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Doctrine of Completed Work
THE DOCTRINE OF COMPLETED STUDENT WORK
Completed student work is the study of a problem, and presentation of a solution, by a student, in such form that all that remains to be done on the part of the teacher is to indicate approval or disapproval of the completed product. The words "completed work" are emphasized because the more difficult the problem is, the more the tendency is to present the product of that work to the teacher in an inappropriate or incomplete fashion.
It is your duty as a student to work out the details of an assignment. You should not consult your teacher in the determination of those details, no matter how perplexing they may be, so long as the teacher has given you adequate prior directions. You may and should consult other classmates, as well as other past products, including teacher-provided models, for guidance and suggestions, but this is not to be used in place of your own work. The product - whether it involves the expression of a newly acquired skill or reinforcement of an established one - when presented to the teacher for approval or disapproval, must be worked out in a finished form.
One impulse which often comes to the inexperienced or insecure student is to ask the teacher what to do even after the teacher has given instruction and models. This recurs more often when the problem is difficult. It is accompanied by a feeling of mental frustration. It is easy to ask the teacher what to do, and it appears too easy for the teacher to answer. Resist the impulse unless to do so would mean you cannot complete the assigned work.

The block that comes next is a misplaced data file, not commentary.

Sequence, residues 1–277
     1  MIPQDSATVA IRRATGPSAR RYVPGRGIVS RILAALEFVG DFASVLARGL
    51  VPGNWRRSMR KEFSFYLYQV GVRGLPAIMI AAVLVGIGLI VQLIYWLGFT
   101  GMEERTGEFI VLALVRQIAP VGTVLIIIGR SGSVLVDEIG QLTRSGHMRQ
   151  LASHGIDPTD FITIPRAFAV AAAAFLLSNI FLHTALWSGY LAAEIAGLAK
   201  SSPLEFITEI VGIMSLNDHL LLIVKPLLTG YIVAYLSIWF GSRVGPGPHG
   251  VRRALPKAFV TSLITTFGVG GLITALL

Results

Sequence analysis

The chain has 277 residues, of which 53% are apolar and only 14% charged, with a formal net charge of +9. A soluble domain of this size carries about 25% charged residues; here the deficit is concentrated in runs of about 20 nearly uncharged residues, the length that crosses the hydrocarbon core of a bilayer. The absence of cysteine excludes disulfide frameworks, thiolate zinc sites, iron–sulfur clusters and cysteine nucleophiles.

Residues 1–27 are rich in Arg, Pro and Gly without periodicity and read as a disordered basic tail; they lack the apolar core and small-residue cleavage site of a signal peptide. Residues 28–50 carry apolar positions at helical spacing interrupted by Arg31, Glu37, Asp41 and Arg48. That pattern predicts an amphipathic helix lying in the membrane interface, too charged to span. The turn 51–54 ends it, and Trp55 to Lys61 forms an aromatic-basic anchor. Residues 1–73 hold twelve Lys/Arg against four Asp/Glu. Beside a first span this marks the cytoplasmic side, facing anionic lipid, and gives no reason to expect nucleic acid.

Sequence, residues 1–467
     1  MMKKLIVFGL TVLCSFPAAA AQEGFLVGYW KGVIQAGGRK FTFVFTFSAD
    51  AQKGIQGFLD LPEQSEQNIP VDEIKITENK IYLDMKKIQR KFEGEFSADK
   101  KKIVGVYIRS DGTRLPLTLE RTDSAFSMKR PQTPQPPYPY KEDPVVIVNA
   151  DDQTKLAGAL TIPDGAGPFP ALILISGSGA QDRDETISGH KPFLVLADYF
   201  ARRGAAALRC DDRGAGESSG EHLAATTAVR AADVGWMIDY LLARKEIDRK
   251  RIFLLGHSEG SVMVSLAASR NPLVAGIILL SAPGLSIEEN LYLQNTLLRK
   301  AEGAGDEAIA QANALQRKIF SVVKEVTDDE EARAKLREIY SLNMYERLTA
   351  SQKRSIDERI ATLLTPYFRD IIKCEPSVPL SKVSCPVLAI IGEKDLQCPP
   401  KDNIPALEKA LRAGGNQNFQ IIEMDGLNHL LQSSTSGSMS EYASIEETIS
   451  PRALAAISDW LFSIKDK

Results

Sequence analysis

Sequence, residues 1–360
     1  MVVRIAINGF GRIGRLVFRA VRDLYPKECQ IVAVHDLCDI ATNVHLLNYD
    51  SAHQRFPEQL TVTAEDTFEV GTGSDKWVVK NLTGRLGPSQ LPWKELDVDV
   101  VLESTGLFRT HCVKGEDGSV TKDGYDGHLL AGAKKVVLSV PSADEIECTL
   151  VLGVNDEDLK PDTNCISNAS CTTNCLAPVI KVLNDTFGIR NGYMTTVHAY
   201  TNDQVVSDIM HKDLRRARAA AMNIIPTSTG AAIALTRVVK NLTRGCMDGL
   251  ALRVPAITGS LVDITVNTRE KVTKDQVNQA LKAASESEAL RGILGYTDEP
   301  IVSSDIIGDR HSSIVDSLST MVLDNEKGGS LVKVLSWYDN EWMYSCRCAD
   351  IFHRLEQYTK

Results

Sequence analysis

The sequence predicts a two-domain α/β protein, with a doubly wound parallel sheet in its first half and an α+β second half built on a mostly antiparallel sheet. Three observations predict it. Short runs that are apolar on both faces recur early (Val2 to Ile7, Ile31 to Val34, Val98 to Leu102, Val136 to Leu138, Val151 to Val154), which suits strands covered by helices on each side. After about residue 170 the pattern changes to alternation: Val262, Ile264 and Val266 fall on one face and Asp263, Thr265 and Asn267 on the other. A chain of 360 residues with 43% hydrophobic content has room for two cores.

Another impulse is to turn in work that is “overdone”; that is, work that has more information than is required by the assignment. This information is unnecessary and makes it more difficult to evaluate. Complete work, then, is of appropriate depth and size, according to the expectations of the teacher.
It is your job to advise your teacher what she or he ought to clarify in the giving of directions and expectations. Your job is then to study, write, restudy, and rewrite until you have evolved a single finished product, the one that best reflects your understanding of the teacher’s expectations. Your work should be placed before the teacher in finished form so that the teacher can then merely approve or disapprove.
In most instances completed student work results in a single document that is ready for the approval of the teacher without any additional comments. If for some reason this product can not be submitted, or is submitted in a manner different from the expectations, do not give unsolicited explanations and excuses. Giving excuses to your teacher does not constitute completed work. If the teacher wants comment or explanation, she or he will ask for it.
The theory of completed student work does not preclude a rough draft, but the rough draft must not be a an incomplete idea. It must be complete in every respect except that it lacks the requisite formatting and need not be neat. But a rough draft must not be an excuse for shifting to the teacher the burden of completing the work that you should be completing.
The completed work theory may result in more work for the student. That is as it should be. Further, it accomplishes two things:
1. The teacher may focus on giving directions and approving or disapproving of the completed work.
2. The student who needs the teacher to give them information, or has knowledge to express is able to do so.
When you have finished your completed student work the final test is this:
If you were the teacher would you be willing to approve of the work you have prepared, and stake your grade on its being right?
If the answer is no, re-work your solution because it is not yet completed work.